Race to remember: Don Gumke Racers' memorial Saturday
Don Gumke wasn’t a connoisseur of fine wines.
In fact, it’s likely the former Jamestown Speedway owner and modified driver had never heard of the “Five S’s” of wine tasting -- see, swirl, sniff, sip and savor -- because those steps are reserved for the likes of an aged Cabernet Sauvignon and not for Gumke’s much cheaper libation of choice: Boone’s Farm.
“He loved it,” said Mark Schumacher, friend and owner of Xtreme Transmission & Auto in Jamestown. “Loved the Boone’s Farm.”
Schumacher and local racing veteran John Corell Sr. are teaming up tomorrow (Saturday) to provide every modified driver in attendance for the Don Gumke Racers’ Memorial at Jamestown Speedway a bottle of Boone’s Farm wine. It’s one of a host of contingency prizes for a night of racing in which organizers have earmarked to become an annual event.
Schumacher, who’s built transmissions for numerous drivers and has piloted a bomber car in the past, learned of Gumke’s appreciation for the inexpensive spirit with Corell following a Fourth of July modified feature rainout in 2017.
“He brings that Boone’s Farm to me, ‘Buddy, buddy, you gotta try this,'" Schumacher said. "It's like eating a bag of sugar."
Schumacher said his taste buds largely rejected the experience, but he couldn’t think of a more lighthearted and fitting tribute for his friend. Gumke passed away in January at the age of 66 while working on his race car in Gold Canyon, Arizona.
“Johnny (Corell) and I were gonna pitch in more money for the mod drivers, but a friend of mine -- Andy Kapp -- brought it up to me,” Schumacher said. “‘I know how much you hate Boone’s Farm,’ he says. ‘Why don’t you do something with Boone’s Farm for Don’s memorial?’
“I was like, ‘That’s not a bad idea. No. 1, you’re right. I hate Boone’s Farm.’”
After losing the entire month of May to COVID-19, Jamestown Speedway co-owner Tim Baldwin is thankful this weekend’s racers’ memorial was able to come together. Gumke’s untimely death came after the passing of local drivers Jeff Carpenter, 61, in May of 2019, and Keith Hermanson, 53, last July, all of whom will be recognized.
“It’s been a roller coaster last few months, to say the least, and this was one of the toughest parts,” Baldwin said. “There’s a lot of plans that went into this and there’s a lot of people making plans from a long ways away.”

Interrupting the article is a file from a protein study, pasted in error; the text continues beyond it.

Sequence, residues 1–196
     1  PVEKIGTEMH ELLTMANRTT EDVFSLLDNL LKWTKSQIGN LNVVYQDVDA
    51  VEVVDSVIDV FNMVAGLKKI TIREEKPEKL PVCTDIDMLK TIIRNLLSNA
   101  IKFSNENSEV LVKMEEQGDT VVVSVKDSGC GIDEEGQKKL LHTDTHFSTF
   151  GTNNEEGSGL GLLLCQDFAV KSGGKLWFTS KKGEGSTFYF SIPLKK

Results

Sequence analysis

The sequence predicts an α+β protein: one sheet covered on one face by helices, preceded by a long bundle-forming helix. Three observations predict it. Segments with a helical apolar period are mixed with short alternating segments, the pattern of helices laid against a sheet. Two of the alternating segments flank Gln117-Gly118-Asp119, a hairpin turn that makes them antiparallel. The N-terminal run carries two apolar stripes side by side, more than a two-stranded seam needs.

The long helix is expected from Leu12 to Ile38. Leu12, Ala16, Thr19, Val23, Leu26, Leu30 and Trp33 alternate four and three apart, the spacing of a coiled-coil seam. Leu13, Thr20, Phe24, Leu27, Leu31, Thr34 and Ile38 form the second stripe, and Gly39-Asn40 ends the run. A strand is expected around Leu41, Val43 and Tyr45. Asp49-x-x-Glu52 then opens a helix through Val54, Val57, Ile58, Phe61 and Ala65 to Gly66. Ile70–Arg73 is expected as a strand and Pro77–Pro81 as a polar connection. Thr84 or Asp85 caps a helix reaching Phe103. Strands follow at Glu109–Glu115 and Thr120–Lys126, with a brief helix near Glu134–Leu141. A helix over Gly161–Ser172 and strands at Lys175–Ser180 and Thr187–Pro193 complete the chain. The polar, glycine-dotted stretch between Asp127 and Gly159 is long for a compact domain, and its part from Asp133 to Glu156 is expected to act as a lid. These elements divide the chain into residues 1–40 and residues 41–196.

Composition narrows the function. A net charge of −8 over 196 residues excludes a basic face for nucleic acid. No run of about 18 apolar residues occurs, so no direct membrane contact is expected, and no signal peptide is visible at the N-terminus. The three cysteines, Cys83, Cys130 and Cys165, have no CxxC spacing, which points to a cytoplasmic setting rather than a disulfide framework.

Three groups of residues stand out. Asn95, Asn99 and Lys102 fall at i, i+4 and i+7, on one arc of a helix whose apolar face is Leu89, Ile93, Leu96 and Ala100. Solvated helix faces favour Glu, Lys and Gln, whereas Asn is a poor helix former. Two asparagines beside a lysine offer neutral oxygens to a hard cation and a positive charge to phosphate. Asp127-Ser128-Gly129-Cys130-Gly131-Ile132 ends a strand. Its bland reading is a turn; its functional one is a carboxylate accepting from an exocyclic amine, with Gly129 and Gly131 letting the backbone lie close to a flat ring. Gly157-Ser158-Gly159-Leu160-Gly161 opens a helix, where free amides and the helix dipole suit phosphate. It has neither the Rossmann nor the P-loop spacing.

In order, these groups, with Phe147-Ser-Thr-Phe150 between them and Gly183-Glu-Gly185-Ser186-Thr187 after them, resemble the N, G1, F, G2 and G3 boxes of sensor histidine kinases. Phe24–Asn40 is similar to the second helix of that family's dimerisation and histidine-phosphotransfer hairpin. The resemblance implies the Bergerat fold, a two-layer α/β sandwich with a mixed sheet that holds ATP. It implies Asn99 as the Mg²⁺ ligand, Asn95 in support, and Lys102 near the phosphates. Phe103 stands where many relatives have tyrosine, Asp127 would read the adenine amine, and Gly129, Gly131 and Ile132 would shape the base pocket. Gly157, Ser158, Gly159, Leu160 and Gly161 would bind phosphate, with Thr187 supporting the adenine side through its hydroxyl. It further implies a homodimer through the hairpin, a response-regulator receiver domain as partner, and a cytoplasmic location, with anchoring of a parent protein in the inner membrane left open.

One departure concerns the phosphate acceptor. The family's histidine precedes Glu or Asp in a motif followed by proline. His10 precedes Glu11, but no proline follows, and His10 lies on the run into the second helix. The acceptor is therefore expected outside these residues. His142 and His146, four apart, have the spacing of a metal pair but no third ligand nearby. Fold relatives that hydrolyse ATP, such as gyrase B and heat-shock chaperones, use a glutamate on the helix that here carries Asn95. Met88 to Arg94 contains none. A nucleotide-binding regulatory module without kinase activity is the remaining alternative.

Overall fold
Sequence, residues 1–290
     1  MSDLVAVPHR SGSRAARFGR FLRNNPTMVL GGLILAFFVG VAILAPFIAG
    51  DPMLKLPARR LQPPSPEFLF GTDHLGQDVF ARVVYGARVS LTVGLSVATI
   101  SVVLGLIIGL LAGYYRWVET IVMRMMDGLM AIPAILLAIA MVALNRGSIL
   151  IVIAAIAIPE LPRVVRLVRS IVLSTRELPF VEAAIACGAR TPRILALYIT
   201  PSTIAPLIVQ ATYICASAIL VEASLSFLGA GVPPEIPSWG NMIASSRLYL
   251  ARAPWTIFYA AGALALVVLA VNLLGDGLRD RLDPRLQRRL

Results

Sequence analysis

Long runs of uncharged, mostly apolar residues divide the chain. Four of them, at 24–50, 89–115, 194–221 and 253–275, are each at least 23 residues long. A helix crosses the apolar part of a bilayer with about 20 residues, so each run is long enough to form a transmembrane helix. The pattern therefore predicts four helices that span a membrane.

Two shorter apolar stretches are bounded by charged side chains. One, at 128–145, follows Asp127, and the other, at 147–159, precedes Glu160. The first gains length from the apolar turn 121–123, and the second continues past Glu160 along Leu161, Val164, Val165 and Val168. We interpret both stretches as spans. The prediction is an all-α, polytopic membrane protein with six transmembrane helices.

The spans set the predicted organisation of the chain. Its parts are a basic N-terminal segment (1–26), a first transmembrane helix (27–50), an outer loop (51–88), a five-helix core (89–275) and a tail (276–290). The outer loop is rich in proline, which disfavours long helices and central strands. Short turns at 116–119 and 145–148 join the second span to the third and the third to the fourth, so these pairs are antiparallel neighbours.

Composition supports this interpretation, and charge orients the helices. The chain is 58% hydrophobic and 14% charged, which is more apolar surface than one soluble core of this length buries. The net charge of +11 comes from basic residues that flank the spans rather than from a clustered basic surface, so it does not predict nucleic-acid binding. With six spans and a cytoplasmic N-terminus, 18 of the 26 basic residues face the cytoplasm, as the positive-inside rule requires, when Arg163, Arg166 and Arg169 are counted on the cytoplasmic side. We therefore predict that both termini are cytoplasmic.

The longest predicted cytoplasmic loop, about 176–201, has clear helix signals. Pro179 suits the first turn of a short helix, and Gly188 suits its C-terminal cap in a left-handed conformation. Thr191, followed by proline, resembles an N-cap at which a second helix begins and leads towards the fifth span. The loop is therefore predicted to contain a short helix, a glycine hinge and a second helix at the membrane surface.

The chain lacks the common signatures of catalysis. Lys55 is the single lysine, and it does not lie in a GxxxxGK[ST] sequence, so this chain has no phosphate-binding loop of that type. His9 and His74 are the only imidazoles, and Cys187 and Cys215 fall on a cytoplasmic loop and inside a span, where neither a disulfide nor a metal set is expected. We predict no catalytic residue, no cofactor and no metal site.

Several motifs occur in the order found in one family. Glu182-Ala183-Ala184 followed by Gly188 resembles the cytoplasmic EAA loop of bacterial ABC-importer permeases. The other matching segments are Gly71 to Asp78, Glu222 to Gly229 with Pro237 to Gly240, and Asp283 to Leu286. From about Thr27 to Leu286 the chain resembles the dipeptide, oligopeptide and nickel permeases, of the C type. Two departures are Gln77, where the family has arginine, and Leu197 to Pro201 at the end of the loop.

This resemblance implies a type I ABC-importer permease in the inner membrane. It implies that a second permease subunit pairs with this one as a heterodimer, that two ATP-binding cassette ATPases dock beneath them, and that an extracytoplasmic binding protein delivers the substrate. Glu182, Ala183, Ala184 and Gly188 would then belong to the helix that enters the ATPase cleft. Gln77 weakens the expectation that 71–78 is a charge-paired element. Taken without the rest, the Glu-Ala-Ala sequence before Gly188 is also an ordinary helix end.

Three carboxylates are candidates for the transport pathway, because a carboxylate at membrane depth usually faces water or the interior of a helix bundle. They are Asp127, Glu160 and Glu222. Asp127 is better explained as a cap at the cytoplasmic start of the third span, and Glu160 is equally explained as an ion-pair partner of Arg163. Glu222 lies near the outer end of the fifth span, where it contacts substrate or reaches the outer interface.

Saturday’s event is being limited to IMCA Modifieds, WISSOTA Street Stocks and bombers to keep the show tight and will commemorate Gumke’s No. 2 modified with winning payouts of $2,222, $1,222 and $222, respectively. Baldwin said a $1,037-to-win Midwest modified feature race honoring Carpenter and his No. 37 B-mod is being planned for later this summer.
Hermanson’s daughters will be performing the national anthem prior to Saturday's 7 p.m. green flag. Baldwin explained an annual Don Gumke Racers’ Memorial event would take time to honor all who made a difference in local racing.
“The racers’ part is plural, meaning we want to include everybody. Workers, volunteers, sponsors and fans,” Baldwin said. “We wanted it to be inclusive so we can take a minute to appreciate everybody … whether you’re a name people recognize or somebody in the background who was always there helping out.”
Saturday is also the second stop for the summer-long, 16-date Steffes Street Stock Tour, adding to what should be a solid showing of modifieds. The tour opened Friday night in Mandan.
Jamestown’s Trackside EMS and MidMach are sponsoring $222 contingency prizes to modified drivers for the longest tow, hard charger, and the leaders of Lap 2 and Lap 22. Lucky fans will also win $222 if they are holding the frisbee of the driver leading on both those laps, sponsored by Dakota Engine Builders. The event’s title sponsors are Don Wilhelm Inc., S&R Truck Plaza, I-29 Trailer Sales and I-94 Trailer Sales.
Baldwin says he’s expecting cars from as far away as Wyoming and Wisconsin.
“It keeps getting to be more special and more meaningful as we get closer, just with the different groups, businesses and individuals wanting to be a part of it,” Baldwin said. “We’re expecting a lot of the bigger name IMCA drivers and street stock drivers.”
Jamestown Speedway held its season opener last weekend, with Corell (modifieds), Jonny Carter (streets), Cody Lee (Midwest mods), Tye Wilke (legends) and Dylan Steele (bombers) taking home the feature wins. The car count was 109.
Baldwin said while pandemic restrictions have eased to 50% grandstand capacity, the speedway will be adding additional plexiglass barriers in concession areas and will continue to suggest folks spread out and bring their own hand sanitizer to complement what the track is able to provide. The track’s grandstand seats approximately 2,200.
“The first race went really well last week,” Baldwin said. “The turnout we had was great and we were really thankful for those who came out and supported it. I think that’s a good sign for this weekend.
“We’re expecting a larger crowd, but we don’t think it’s going to be to the point where we have to worry about that 50% capacity.”
Those who do attend will be afforded an insight into what Gumke, Hermanson and Carpenter meant to Jamestown Speedway and dirt-track racing.
“Clearly, there’s a lot of people older than me who knew Don very, very well,” said the 47-year-old Schumacher. “But I got to know Don, I’ve always liked Don and had a lot of respect for Don.
“Don had respect for me, and that meant the world to me.”